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Biology Articles » Neurobiology » Systems Neurobiology » Sleep Apnea Linked to Insulin Resistance, Independent of Obesity

Sleep Apnea Linked to Insulin Resistance, Independent of Obesity

January 24, 2009 -- In a study that addressed the issue of insulin sensitivity with respect to sleep disordered breathing (SDB), Naresh Punjabi, M.D., Ph.D. sought to examine the relationship between SDB and insulin resistance using the best tools at his disposal to do so.

The results definitively link SDB to pre-diabetic changes in insulin production and glucose metabolism. It was published in the first issue for February of the American Journal of Respiratory and Critical Care Medicine, published by the American Thoracic Society.

“In the past researchers have used body mass index, or BMI, as a proxy measure for body fat, but we know this to be a variable and crude tool to assess the true percentage of body fat,” said Dr. Punjabi. “In addition, previous studies have used surrogate measurements to assess the body's response to insulin without investigating the interaction that occurs between reduced insulin sensitivity and increased insulin production in the body.”

To address the shortcomings of previous studies, Dr. Punjabi and colleagues used two tools in their investigation into the link between SDB and insulin resistance: dual-energy x-ray absorptiometry (DEXA), a highly precise technique for assessing body fat, and frequently sampled intravenous glucose tolerance test (FSIVGTT), which provides a detailed picture of the subject’s insulin sensitivity over time, rather than a simple snapshot at a specific moment.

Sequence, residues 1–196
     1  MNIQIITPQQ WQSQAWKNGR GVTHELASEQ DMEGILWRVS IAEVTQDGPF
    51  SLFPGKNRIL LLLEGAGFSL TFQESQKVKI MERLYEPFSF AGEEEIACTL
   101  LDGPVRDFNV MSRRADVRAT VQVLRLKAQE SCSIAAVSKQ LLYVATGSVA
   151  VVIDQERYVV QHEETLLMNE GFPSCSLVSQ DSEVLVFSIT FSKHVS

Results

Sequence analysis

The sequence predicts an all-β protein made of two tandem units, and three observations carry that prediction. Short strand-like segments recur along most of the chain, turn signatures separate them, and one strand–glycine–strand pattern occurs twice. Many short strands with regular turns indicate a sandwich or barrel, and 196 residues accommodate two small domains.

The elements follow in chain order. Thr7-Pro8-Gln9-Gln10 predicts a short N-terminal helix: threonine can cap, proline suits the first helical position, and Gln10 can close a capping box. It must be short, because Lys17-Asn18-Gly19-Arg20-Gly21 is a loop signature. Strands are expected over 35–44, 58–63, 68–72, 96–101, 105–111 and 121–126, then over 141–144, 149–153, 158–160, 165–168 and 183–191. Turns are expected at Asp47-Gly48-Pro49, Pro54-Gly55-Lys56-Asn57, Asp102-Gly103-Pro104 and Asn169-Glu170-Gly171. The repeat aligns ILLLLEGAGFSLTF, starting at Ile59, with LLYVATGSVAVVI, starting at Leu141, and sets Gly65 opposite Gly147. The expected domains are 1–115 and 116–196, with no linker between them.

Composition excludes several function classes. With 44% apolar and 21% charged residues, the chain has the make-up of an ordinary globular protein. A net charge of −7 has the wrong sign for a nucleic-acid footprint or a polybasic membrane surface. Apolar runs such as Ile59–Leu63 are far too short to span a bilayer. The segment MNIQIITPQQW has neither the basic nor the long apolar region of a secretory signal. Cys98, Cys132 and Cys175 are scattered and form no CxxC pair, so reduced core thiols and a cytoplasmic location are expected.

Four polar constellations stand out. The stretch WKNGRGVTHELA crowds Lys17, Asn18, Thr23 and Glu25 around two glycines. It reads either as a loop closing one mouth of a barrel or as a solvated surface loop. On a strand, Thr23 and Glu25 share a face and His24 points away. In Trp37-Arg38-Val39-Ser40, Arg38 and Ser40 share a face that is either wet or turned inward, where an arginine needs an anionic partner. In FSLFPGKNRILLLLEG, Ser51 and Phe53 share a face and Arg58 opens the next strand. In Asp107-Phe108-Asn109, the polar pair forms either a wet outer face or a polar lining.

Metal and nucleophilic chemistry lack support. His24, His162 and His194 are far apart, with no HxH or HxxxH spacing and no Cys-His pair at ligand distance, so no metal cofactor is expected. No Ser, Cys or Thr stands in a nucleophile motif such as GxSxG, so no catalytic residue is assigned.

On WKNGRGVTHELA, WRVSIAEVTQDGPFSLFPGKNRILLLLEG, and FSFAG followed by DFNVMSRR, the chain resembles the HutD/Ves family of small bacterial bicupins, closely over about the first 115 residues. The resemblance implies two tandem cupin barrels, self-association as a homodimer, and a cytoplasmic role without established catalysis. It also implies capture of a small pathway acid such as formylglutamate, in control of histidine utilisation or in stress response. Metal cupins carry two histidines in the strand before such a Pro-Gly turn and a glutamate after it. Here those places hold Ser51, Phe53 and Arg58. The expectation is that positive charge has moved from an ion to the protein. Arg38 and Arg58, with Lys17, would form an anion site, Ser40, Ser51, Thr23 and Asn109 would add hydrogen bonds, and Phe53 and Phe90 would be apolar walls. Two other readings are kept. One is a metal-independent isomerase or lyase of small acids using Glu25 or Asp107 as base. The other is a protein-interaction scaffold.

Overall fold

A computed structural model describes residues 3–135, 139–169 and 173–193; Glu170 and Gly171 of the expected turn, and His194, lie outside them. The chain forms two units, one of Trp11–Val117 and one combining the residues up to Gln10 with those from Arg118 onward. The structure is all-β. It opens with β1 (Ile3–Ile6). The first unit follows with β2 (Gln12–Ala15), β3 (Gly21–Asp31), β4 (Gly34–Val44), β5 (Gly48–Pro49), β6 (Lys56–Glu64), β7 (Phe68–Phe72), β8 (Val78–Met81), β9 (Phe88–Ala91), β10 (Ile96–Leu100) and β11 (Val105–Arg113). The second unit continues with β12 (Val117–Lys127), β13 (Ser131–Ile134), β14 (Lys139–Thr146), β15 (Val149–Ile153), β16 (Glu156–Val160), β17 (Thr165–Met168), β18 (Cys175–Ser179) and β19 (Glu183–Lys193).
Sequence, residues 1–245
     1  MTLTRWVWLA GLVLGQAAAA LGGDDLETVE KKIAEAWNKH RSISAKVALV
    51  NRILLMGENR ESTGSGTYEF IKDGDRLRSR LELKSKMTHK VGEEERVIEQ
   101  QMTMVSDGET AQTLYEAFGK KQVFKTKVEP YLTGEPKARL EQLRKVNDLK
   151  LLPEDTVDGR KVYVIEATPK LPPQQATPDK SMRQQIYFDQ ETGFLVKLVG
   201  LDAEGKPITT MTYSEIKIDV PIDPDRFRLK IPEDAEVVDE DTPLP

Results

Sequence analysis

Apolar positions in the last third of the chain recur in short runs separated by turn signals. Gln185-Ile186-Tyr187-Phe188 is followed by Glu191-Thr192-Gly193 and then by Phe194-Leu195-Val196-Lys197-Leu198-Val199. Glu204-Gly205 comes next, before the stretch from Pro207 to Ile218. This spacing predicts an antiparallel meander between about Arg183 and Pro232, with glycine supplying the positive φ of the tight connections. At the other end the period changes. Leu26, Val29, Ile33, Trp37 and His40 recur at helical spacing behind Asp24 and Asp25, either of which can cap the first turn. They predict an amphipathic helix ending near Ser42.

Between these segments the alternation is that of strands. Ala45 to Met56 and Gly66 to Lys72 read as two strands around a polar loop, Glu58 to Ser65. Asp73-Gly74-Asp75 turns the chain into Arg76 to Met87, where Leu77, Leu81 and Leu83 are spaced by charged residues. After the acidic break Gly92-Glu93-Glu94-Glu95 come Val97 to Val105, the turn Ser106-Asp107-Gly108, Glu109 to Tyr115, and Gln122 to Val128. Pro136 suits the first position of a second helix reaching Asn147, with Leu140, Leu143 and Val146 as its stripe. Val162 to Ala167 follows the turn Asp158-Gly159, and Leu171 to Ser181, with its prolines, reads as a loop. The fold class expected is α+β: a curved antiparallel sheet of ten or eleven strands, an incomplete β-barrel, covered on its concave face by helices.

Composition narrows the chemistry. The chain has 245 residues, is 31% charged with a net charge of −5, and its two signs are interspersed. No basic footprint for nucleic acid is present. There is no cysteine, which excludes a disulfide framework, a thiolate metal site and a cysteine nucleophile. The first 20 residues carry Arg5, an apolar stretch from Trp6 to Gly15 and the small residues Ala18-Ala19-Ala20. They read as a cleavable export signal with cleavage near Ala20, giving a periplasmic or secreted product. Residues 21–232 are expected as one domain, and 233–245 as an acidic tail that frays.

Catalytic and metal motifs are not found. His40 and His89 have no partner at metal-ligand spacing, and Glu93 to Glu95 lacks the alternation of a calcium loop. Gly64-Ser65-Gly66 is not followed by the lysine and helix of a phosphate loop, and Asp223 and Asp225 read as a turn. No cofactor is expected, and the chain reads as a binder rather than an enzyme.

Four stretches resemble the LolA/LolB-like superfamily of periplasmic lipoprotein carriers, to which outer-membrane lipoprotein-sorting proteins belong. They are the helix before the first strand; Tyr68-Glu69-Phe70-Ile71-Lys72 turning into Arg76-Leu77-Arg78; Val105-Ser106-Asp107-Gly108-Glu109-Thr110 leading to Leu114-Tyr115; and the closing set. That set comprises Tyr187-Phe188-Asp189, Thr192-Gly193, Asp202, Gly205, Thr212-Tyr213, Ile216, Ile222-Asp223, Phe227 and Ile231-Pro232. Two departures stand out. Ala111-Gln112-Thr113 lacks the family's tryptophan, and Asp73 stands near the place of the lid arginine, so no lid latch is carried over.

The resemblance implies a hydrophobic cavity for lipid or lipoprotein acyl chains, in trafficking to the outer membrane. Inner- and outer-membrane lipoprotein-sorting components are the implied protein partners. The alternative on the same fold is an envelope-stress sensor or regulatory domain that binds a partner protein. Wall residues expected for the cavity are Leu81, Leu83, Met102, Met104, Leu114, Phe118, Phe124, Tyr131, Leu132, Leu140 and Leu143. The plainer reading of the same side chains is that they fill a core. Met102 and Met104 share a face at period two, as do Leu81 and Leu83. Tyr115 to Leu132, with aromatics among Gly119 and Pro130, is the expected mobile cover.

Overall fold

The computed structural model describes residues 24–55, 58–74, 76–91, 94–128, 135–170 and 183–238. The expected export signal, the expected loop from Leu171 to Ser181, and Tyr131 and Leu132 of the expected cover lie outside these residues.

They recruited 118 subjects, 39 who had no SDB, and 79 who were newly diagnosed with SDB but who had not been treated. Each subject underwent a sleep study to assess their level of SDB, and then underwent a FSIVGGT to determine their glucose metabolism and insulin sensitivity/production the following day.

“Our major finding was that, as we suspected, SDB was strongly associated with a decrease in the three major metabolic pathways that the body uses to metabolize glucose— insulin sensitivity, glucose effectiveness, and pancreatic cell function— independent of adiposity,” said Dr. Punjabi. “What our research tells us is that SDB is characterized by multiple physiological deficits that increase the predisposition for type 2 diabetes mellitus.”

A news release courtesy of  American Thoracic Society, a leading medical association dedicated to advancing pulmonary, critical care and sleep medicine.


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